Healing and Restoring
Rev. Marvin Hood walked across the uneven floorboards of his church, and stepped outside onto the small rectangle of the front porch. Then he turned, pulled the door shut, and locked it one last time. The aging United Methodist building had served his small congregation well, but it was time to move on to the next stage of ministry. Newgate Fellowship was leaving the suburbs behind to move into their new facility located on a seven-acre campus in the heart of Newgate’s mission field -- the city of Houston.
Heal and Restore
Newgate is ready to embrace their new facility and all of the opportunities that come with it, but their mission of Restorative Justice remains the same: To gently heal and restore those who are falling through the cracks of society because of incarceration and drug addiction.
As a former inmate, Marvin knows how overwhelmingly difficult it is for offenders to re-enter society when they have completed their sentences. Newgate is committed to “obscure the lines” that keep former inmates from becoming productive members of their communities.
To do this, his church provides practical needs such as bus tokens, assistance in finding work and housing, as well as a food pantry. Marvin is excited that Newgate’s new campus will not only place the ministry in the heart of the community it serves, but will also allow the church to expand their services to more fully become a re-entry point for former inmates. Newgate looks forward to offering GED classes, a computer lab, and Al-Anon meetings, as well as workshops for career development. Marvin envisions that in five to seven years, once the church has established roots in the community, Newgate will be ready to move on to the next stage of ministry by providing temporary, low-income housing for former offenders.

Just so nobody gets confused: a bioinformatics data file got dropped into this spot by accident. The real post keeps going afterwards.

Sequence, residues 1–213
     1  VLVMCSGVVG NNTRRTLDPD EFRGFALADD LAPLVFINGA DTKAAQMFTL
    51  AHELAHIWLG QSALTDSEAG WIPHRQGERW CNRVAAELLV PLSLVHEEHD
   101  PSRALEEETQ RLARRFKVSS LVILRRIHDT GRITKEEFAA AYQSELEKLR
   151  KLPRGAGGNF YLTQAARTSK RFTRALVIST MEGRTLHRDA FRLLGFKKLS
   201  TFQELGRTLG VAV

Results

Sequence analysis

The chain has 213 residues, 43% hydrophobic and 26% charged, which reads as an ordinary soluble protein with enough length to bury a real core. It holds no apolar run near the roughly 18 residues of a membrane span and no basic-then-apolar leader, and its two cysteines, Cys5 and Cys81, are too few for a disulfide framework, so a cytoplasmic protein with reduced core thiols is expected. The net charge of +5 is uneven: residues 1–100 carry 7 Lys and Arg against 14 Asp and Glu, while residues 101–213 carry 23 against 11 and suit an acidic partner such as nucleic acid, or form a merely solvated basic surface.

Restorative Justice for Every Congregation
But ministry to offenders, former offenders, and their families is only one part of Restorative Justice. Newgate serves correctional professionals and crime victims as well. The diversity of this three-pronged approach offers a wide range of opportunities for congregations across Texas to be part of God’s work in Restorative Justice in a way that is a good fit for their particular church. Marvin points out that while some churches might be better equipped to help offenders with the process of re-entry, another church might be better suited to help in other ways such as take a potluck meal into the prison to serve correctional officers as they begin their shift.
Marvin is eager to assist Texas UMC congregations in joining the work of Restorative Justice because he knows God has the power to change lives. “Not everyone who goes to prison is a write off. When I went to prison, I thought my life was over, but when Jesus came into my life and spoke to me about what he wanted me to do, I was hard-pressed to do it,” Marvin said. “I won't turn back. I want to see people become part of the social fabric in a contributive way, as productive citizens. I want people to know, you can stop here and we will help you turn your life around.”